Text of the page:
Stump being awarded Best in Show at the 2009 Westminster Kennel Club Dog Show.

Through the 134th Westminster Show (February 2010), Best in Show has been won by the Terrier group 45 out of the 103 times that the prize has been awarded since 1907,[11] more than twice as many wins as any other group. The single breed that has won the most is the Wire Fox Terrier, which has won 15 times. Two of the most popular dog breeds in the United States—the Labrador Retriever and Golden Retriever—have never won Best in Show.[12] The dogs are marked for Best in Breed and then proceed to compete in Best in Group, and finally in the grand prize competition of Best in Show.[13]

The oldest dog to win Best in Show was a Sussex Spaniel named Ch. Clussexx Three D Grinchy Glee (a.k.a. Stump), at ten years of age in 2009. The youngest dog to win was a Rough Collie named Laund Loyalty of Bellhaven, at nine months old in 1929.[14] One dog, a Smooth Fox Terrier named Ch. Warren Remedy won Best in Show three times (1907–1909), and six other dogs have won twice.[15] Males have won Best in Show 68 times as opposed to females who have won 35 times.[16]


For many years, Roger A. Caras was known as "the Voice of Westminster" for providing the narration for the breed descriptions during the show.[17]

In 2001, Michael J. LaFave was named show announcer at the Westminster Kennel Club Dog Show.[18] He was replaced by Jim Fagan in 2010 but returned in 2011.[19]


Sporting Group in 2010.

CBS Sports covered the event from the late 1960s to the 1980s as part of its CBS Sports Spectacular anthology series.

From 1984 until 2003, Universal's USA Network broadcast the Westminster Kennel Club Dog Show. Following Universal's acquisition by General Electric in 2003 to form NBC Universal, the coverage (as with all other sporting events carried by the channel) became a presentation of NBC Sports, but the broadcast continued to air on USA Network. From 2006 through 2016, the Monday coverage was aired on sister channel CNBC due to conflicts with WWE Raw on USA. During USA's coverage from 1990 to 2016, David Frei co-hosted the event with partners, Al Trautwig (1990–1991,[20][21] 1993[22]), Bud Collins (1992[23]), Joe Garagiola (1994–2002[24]), Mark McEwen (2003–2004[25][26]), Lester Holt (2005, 2007–2008[27]), Debbye Turner (2006[28]), Mary Carillo (2009,[29] 2011[19]–2016), and Tamron Hall (2010[citation needed]). Frei provided the commentary of the 140th event for his final time.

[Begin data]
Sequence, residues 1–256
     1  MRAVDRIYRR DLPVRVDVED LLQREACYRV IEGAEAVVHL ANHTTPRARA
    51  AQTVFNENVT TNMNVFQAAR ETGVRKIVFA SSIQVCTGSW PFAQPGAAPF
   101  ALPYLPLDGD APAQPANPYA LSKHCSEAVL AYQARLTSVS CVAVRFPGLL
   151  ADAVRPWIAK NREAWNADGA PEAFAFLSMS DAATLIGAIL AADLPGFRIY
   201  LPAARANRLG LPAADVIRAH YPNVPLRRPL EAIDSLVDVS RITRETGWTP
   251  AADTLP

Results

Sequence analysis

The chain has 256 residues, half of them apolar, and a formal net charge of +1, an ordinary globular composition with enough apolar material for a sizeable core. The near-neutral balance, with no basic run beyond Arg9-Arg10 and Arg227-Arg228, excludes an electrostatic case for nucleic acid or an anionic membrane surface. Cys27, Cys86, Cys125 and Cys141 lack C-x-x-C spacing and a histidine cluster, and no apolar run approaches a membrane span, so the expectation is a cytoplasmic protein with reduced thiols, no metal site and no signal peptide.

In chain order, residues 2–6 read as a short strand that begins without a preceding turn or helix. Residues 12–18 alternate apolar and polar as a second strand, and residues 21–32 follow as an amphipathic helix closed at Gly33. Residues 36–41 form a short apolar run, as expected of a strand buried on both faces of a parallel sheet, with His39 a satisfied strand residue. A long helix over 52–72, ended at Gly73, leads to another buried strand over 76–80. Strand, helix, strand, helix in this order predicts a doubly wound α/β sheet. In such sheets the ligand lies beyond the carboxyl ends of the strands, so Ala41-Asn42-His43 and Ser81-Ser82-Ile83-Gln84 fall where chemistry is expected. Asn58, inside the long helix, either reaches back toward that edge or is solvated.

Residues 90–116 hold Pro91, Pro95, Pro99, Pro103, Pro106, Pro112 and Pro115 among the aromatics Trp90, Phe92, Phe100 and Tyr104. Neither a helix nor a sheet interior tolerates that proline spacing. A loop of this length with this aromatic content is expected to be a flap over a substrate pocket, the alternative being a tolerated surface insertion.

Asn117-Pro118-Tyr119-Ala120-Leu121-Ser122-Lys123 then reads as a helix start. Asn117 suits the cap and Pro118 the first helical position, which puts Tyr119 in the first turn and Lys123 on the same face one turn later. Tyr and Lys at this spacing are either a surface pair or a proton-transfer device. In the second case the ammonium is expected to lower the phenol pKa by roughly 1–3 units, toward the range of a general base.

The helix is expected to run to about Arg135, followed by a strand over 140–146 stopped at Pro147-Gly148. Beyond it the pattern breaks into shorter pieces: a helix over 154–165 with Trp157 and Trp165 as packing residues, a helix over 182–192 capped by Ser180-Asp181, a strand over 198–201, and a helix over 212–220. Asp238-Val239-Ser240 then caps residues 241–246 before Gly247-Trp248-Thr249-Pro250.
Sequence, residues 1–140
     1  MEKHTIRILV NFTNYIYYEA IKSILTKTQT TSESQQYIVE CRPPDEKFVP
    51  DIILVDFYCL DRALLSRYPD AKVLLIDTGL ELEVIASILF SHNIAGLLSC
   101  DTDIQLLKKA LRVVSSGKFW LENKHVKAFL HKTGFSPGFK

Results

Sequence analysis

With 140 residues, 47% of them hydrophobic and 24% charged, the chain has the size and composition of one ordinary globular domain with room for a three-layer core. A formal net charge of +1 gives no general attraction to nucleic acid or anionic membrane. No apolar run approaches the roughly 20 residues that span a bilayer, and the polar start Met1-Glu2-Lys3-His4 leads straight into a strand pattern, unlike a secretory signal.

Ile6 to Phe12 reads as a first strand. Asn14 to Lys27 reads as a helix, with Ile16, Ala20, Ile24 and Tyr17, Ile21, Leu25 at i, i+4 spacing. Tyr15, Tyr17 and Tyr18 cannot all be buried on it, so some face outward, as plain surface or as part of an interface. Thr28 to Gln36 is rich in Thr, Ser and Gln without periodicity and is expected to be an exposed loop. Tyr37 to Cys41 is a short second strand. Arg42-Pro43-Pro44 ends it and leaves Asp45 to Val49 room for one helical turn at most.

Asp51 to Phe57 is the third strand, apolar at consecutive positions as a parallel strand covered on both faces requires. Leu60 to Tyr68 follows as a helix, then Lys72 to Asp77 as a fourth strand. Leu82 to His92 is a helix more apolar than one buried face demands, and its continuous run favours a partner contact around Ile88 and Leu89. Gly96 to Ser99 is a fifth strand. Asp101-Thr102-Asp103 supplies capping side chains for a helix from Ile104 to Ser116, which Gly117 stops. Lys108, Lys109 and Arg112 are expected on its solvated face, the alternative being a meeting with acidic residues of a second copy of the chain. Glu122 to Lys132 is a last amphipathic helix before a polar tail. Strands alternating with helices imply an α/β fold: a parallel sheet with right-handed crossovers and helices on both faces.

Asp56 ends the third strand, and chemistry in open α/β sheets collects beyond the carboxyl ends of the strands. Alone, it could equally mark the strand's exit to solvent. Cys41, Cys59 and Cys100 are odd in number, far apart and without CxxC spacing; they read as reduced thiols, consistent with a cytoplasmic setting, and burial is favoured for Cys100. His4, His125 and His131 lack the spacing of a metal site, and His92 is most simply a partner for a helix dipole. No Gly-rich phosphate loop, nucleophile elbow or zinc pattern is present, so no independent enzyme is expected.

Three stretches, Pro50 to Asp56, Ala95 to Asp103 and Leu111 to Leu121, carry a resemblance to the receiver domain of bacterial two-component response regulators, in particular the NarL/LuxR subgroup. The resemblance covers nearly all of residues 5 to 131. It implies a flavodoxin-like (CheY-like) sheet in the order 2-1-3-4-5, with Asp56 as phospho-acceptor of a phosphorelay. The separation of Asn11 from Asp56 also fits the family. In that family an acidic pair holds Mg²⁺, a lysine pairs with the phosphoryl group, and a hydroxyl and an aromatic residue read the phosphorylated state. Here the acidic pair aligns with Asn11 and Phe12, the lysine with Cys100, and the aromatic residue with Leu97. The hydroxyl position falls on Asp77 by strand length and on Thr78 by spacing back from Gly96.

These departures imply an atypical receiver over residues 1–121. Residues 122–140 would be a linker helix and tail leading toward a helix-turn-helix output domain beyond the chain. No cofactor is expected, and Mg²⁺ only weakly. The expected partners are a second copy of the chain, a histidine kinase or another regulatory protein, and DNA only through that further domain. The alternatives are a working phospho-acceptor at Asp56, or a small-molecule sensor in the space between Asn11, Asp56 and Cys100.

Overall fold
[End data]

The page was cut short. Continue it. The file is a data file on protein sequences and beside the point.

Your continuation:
On July 28, 2015, Fox Sports announced that it had acquired rights to the event under a 10-year deal beginning in 2017. For the first three years, the coverage was split between FS1 and then-sister channel Nat Geo Wild. For 2017, daytime breed judging was hosted by Justin Kutcher, Paula Nykiel and Jason Hoke and primetime coverage hosted by Chris Myers and Gail Miller Bisher. In 2018, daytime bred judging was hosted by Kutcher, Kimberly Meredith, and Don Sturz in 2018, while Hoke joined the evening booth of Myers and Bisher. In 2019, the judging experts were swapped, with the day event hosted by Kutcher, Meredith, and Hoke and evening event by Myers, Bisher, and Sturz.[30] For 2022, Sturz was named Judge for Best in Show, and the Hoke will return to the main booth.

After the sale of the National Geographic channels to Disney as part of its acquisition of 21st Century Fox (which excluded the Fox broadcast network, news, and national sports properties, which were retained by a new entity known as Fox Corporation), FS2 replaced Nat Geo Wild as the secondary broadcaster of the event in 2020. John Strong replaced Kutcher as host for daytime breed judging and Fox hosts were Myers, Bisher, and Sturz. For 2021, the agility competition and the final night of judging aired on Fox for the first time.[4]